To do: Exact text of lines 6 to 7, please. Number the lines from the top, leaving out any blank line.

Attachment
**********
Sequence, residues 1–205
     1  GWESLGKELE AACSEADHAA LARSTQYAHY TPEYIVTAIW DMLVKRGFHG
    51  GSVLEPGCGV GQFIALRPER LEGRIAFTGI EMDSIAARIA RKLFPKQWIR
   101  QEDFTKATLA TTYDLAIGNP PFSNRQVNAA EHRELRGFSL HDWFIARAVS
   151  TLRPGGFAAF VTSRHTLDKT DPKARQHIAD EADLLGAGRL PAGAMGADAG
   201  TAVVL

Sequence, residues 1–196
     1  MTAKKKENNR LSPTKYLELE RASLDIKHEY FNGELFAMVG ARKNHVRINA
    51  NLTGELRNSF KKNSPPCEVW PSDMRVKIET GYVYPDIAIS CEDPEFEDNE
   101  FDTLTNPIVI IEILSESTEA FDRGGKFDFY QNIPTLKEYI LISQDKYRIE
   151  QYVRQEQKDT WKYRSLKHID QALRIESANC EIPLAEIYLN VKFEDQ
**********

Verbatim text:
   201  TAVVL

Sequence, residues 1–196